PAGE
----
Odd Wisconsin Attractions: Clinton’s Truck in the Tree

March 15, 2011


Truck in The Tree: By Brian D'Ambrosio

By Brian D’Ambrosio

Driving along Interstate 43 in southern Wisconsin near Clinton, the shiny, classic Chevy truck in the sky rises above the concrete and asphalt horizon like an absurd vision. You look once at the Chevy wedged between two tall trees. You look a second time. You gawk at it a third and fourth time. You still cannot comprehend what you are seeing. It’s a spectacle unlike any other: a truck in a tree.

The Truck in the Tree began as an ordinary request to a father from his son for a tree house. A creation of the “Mad Man of Wisconsin”, a play on Clinton resident Mark Madson’s last name, the turquoise and white 1959 half-ton Chevy Fleetside pickup truck has been wedged between two basswood trees since 1994, It stands as a sentinel to Madson’s maniacal, motley collection of reworked vehicles, statues, and sculptures made of old scraps, parts and components.

Madson has long been an ardent thinker, recreating new from old and looking at things from a uniquely keen perspective; in fact, he describes himself an “upside-down and backwards guru.”

One of Madson’s more recent vehicular-based creations is the Packer Mobile, a 1978 Cadillac Eldorado Biarritz that he debuted in 2008 when the Pack was headed toward a 13-3 season. He drove nearly 400 miles roundtrip to Green Bay to watch his beloved Packers annihilate the lowly Lions. Four hundred miles isn’t too demanding of a pilgrimage. Except for when it is late December, and you are driving the northern section of Wisconsin in an exposed convertible, top down, with the wind whipping front to back, and sideways. During the drive, it was a bitter 13 degrees, with a wind chill dynamic of about 40 below. The Packer Mobile featured a six-foot flagpole bearing the Packers flag, as well as an 11-foot flame-painted surfboard, a blue shark fin, and bullhorns. The Packer Mobile is in fact Madson’s sixth conversion of this Cadillac-turned-convertible, the last of which was dedicated to the saucily insolent Jimmy Buffett.

The Truck in the Tree stands testament to one Wisconsinite’s bold attempt to change or enhance the state’s built landscape. In fact, Madson’s experience and imagination has garnered him appearances on television shows such as Ripley’s Believe it or Not, Junkyard Wars, and the Discovery Channel’s Monster Nation. On Monster Nation, he morphed a car into a small package – the ultimate act of inventive recycling and mashing.

Brian D’Ambrosio is the author of Madison For Dads: 101 Dad-Related Adventures.

The Day Otis Redding Died: December 10, 1967, Lake Monona, Wis.

December 6, 2010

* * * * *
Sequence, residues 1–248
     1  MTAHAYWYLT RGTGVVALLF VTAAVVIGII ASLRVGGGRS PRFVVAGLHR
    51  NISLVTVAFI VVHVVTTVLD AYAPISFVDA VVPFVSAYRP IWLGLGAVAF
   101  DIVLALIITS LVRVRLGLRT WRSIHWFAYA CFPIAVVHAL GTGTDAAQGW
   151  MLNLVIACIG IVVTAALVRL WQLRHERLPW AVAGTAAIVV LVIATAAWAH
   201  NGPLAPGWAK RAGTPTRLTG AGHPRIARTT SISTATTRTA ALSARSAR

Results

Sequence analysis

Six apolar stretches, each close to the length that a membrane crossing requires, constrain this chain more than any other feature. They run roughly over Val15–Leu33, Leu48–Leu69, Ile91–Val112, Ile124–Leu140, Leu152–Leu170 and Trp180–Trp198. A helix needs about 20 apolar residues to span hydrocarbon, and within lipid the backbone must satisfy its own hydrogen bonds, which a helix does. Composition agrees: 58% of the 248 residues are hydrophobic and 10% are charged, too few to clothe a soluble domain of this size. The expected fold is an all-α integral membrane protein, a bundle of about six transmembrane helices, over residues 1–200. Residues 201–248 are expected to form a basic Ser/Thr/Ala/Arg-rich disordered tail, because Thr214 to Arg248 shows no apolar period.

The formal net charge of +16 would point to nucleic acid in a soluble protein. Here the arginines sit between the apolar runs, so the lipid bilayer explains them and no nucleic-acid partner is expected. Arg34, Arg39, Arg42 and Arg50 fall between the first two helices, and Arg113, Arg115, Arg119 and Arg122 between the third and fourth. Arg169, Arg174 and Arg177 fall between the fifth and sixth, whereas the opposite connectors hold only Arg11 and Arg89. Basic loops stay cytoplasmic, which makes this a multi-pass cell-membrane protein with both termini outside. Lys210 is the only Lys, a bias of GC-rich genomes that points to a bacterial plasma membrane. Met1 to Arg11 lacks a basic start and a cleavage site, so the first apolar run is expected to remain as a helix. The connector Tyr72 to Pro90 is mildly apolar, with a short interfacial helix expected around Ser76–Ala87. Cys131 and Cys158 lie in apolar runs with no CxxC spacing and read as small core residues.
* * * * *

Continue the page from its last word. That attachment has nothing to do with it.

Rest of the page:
By Brian D’Ambrosio, Editor

Soul singer Otis Redding had acquired his own plane to make touring less hectic, but the twin-engine Beechcraft H18 would prove his fatal undoing. At around 3:30 p.m. on a foggy Sunday afternoon, December 10, 1967, the plane, which encountered a storm en route from Cleveland to a concert in Madison, plunged into the frigid depths of Lake Monona. Redding, 26, and four members of his Bar-Kays band were killed. The musicians were headed to The Factory nightclub, scheduled to perform at 6:30 p.m.

The crash killed six others, everyone on board except for trumpeter Ben Cauley (bassist James Alexander had luckily avoided the flight altogether). On the cusp of achieving pop superstardom, Redding, best known for his hit, “(Sittin’ on) the Dock of the Bay,” recorded just three days earlier and released after his death, was dead. The tune was Otis’ first posthumous release and his biggest-selling single ever, topping both the R&B and pop charts on its way to going gold. Engineers tastefully overdubbed the sound effects, the mournful cries of seagulls, the singer’s lonesome whistling, after Otis’ death.

About 4,500 mourners, including a dazzling array of soul giants such as James Brown, Solomon Burke, and Wilson Pickett, crowded Macon’s City Auditorium for Redding’s funeral, a week later.

On December 3, 1997, thirty years later, hundreds of people showed up to the Monona Terrace Community and Convention Center to Georgia-born soul singer and songwriter. They’d never met the man, but they loved his music, and came to express their appreciation of the full impact of Otis Redding as a soul pioneer who inexorably altered the rhythm & blues landscape – and, ultimate, all of pop music- with his gritty, lustrous vocal, sexy, slinky lyrics and unforgettable songs.

Cauley, who hadn’t visited Madison since the crash, received a standing ovation. He told his audience how he’d awakened early that Sunday four decades ago and headed to the Cleveland airport for the trip to Madison. That day, he said, Redding told him he’d just finishing recording the supremely meditative “(Sittin’ On) The Dock of the Bay.” A few hours later, Cauley was flung out of the plane on impact. As he floated in the icy waters of Lake Monona, clinging to a cushion, he watched the rest of the plane’s passengers — including the man he once described as “…a groovy cat, like an older brother” — drowned.